It may be difficult to understand why those threats exist at 1:00, 2:00, 3:00, 4:00 in the morning, when the loads are at their very lowest. Let me try to explain that to you: Base load units like nuclear and fossil generation that have a constant supply of fuel are available around the clock; it's not a problem.
Northern California has about 5,000 megawatts of hydro-resources. The Northwest of the United States, where we import significant power, is also largely hydro-based. Hydro-resources are energy-limited; that means they only can run, obviously, for the amount of water that they have. So that is shaped. If I shaped -- I mean, you pick the times to use it when it will be the most valuable to you. But that also means you can't run it around the clock.
So if I've got 6,000 megawatts of hydro, I may be only able to use 1,000 of that during the off-peak times.
WATERS: There's Kellan Fluckiger, he's the CEO of California ISO. Now, ISO stands for Independent Systems Operator, and it's an organization charged with managing the flow of electricity along the long-distance and high-voltage power lines that make up of the bulk of California's transmission system. And, as you heard him say again today, there are the rotating, or rolling blackouts, as they are called because of a supply shortage and he -- you get the essence of what the problem is.
Taking these rolling blackouts in a rotating basis for an hour or so along those areas where demand is excessively high and creating a drain on the rest of the system. But there are some problems associated with balancing that to keep the system from breaking down. There's load-shedding buttons, as you heard them called, that take one area off the grid and put them back on later, but in such a way so as not to create an instability for the system.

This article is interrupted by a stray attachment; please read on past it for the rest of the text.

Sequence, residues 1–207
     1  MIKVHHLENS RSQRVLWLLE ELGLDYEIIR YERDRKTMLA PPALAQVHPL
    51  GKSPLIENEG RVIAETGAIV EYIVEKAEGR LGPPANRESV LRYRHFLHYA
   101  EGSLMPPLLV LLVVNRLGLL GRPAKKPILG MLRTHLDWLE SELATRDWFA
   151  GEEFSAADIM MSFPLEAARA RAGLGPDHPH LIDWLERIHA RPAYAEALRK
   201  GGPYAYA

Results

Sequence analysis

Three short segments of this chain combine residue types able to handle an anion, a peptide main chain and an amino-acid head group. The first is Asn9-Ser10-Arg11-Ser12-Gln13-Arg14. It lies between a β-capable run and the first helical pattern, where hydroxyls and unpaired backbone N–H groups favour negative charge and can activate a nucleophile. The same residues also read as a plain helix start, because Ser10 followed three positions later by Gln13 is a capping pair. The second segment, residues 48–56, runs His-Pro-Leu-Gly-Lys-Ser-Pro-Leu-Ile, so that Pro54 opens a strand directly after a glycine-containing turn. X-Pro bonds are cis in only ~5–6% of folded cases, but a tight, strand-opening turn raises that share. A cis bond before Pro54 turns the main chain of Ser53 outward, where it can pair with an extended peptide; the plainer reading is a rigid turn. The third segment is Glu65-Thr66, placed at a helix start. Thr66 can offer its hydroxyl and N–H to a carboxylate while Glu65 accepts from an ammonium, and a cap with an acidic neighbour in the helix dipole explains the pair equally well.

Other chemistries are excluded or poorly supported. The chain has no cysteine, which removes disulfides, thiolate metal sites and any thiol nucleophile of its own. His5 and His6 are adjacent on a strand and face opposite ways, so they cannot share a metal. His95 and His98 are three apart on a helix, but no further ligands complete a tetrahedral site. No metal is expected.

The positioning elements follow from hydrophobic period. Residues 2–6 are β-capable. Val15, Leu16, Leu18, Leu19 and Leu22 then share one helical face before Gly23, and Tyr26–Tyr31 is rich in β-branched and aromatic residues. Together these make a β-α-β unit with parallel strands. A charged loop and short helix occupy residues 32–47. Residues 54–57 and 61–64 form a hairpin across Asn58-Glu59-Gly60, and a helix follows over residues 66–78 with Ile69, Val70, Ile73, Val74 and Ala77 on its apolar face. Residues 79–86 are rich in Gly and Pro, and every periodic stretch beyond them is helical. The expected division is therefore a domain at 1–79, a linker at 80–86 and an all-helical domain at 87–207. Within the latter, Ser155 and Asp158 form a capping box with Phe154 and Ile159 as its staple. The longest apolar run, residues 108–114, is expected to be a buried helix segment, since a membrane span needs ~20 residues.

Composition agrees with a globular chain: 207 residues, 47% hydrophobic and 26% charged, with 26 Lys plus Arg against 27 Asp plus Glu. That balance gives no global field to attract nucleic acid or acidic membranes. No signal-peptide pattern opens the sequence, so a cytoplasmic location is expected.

But you have heard that, because of the conservation efforts, that's creating an uncertain load on these grid systems across the state.
Greg Lefevre, we've heard that, mostly, this is concentrated in Northern California, but we understand that it's extending down as far south as central California.
But my question is: these interruptible customers that he was referring to -- he didn't really say who these people were -- they have been off-line since 5:00 a.m. Who are they, and why have they been off as much as 18 hours?
GREG LEFEVRE, CNN SAN FRANCISCO BUREAU CHIEF: These companies are small manufacturing firms, and sometimes some large manufacturing companies -- a company called Weber Metals here in San Francisco was on this phone call yesterday. They were taken off at 5:00 in the morning; that's usually when these interruptibles start -- just before the morning shift begins.
They were promised that they could come back on just before noon yesterday; well, at 11:00 yesterday morning they were on the call -- the state agency said, sorry guys, no juice, you're done for the day. So that company is down for production for the day, and they're really beginning to feel the heat.
There are other companies in southern California and some schools -- large universities have decided to go on this interruptible program -- that is, they'll take the rolling blackouts early if they get lower rates the rest of the time. But now some of these companies have been virtually out of business for as much as a week and they're really feeling the hurt.
Back to you, Lou.
WATERS: That's Greg Lefevre.
And, as you heard Mr. Fluckiger say, they're dealing with an energy supplier in Canada; negotiations are going on. There's a 4:00 p.m. peak demand time in California, which causes greater problems.
If the demand is too high, we'll continue to watch the situation. As soon as we know more, we'll pass it along to you. It's a very important story.